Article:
“DIY vs. Disaster: Repairs That Could Cost Big

We’ve been taught over the years that when we own a home, we have to be doing our repairs. There may be some truth, but if you decide to sell your house, some DIY jobs could raise a flag when the buyer brings in their home inspector.  Be very careful of the work that you decide to do. DIY Repairs that sellers should reconsider doing or risk spending thousands.  Some DIY repairs could cost you much more than the money you saved by doing it yourself. Despite the strict municipal codes, not to mention the expense of paying a professional, there are some jobs that you should leave to licensed professionals, no matter the cost.

I’ve seen plenty of DIY home repairs caught by home inspectors; whether it is a code violation or a lousy renovation, many have cost the sellers a lot of money on the sale. I’ve done many repairs on my home over the years, some of which I am not so proud of when I eventually had to hire a professional to fix it properly. Safety and keeping your home systems functioning correctly are the main reasons why knowing that the job has been done right is money well spent.  Here are some repairs that you should seriously consider hiring a licensed professional.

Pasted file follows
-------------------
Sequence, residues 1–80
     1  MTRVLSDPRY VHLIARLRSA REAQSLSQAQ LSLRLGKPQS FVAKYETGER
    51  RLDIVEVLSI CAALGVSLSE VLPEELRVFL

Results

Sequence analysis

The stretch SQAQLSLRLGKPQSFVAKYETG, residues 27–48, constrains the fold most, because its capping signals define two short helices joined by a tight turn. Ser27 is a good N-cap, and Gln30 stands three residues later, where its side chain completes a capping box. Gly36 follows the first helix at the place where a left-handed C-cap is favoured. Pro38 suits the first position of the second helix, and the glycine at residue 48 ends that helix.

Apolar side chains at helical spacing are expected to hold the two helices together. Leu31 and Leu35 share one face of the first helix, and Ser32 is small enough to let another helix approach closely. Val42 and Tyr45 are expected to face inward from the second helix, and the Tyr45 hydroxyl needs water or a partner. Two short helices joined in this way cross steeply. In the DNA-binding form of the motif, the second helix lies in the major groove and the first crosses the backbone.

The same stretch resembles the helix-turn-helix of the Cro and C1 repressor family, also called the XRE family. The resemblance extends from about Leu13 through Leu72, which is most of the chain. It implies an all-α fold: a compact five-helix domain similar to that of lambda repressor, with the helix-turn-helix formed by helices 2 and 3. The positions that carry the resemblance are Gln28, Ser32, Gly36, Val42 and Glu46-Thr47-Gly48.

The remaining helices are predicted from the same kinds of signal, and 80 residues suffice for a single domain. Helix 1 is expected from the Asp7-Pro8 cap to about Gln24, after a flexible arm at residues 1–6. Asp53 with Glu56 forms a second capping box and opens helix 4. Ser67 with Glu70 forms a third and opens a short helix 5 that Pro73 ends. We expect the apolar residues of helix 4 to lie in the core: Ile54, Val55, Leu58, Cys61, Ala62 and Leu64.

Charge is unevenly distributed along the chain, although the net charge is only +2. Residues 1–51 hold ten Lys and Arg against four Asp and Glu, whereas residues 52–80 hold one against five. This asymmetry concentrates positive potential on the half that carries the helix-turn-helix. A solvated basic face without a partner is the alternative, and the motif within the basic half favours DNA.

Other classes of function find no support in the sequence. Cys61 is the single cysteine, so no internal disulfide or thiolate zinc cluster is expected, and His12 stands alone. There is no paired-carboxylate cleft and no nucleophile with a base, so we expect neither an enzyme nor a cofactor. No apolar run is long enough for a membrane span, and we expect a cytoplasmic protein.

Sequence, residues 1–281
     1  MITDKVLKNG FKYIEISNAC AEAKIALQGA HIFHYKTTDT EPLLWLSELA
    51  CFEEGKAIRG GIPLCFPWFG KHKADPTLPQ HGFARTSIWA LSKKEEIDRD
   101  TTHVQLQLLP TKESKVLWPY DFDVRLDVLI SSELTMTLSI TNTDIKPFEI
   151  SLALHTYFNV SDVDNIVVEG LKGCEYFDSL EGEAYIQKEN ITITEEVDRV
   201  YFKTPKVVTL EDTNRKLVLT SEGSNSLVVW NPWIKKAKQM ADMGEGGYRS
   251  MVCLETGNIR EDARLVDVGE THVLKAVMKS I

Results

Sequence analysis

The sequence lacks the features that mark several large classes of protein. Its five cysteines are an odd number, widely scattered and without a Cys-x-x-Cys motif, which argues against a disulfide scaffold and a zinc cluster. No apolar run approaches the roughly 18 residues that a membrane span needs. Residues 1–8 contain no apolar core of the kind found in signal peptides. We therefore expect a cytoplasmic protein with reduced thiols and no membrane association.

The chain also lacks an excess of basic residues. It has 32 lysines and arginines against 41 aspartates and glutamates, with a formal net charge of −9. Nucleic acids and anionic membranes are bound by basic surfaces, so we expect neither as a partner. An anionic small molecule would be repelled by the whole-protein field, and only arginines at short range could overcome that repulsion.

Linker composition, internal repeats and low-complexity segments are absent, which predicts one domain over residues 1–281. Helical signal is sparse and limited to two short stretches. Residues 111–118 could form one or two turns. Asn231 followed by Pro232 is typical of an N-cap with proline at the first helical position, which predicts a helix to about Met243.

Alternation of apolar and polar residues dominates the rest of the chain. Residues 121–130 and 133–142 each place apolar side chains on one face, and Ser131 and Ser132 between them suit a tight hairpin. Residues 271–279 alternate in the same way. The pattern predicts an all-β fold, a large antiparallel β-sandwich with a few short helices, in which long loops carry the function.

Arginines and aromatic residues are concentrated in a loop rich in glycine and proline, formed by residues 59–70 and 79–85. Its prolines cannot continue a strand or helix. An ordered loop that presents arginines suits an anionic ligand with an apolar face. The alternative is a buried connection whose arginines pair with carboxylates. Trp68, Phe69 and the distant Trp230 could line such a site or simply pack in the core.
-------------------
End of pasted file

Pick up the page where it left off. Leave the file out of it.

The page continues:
• Electrical
  • Plumbing
  • Roofing
  • Decking
  • Landscaping **

Once a home inspector sees one bad DIY repair, they will spend extra time on other areas of your home while doing the inspection.

 

DIY Electrical Repairs

I saw a bumper sticker read, “Electrical work is not a hobby, hire an electrician”.  In my opinion electrical work is the most important DIY repair home sellers should reconsider doing it themselves.   I passed that to my home sellers and recommended hiring an electrician when there is electrical work to be done.  Some electrical work may seem easy enough, but could be risky if not done correctly.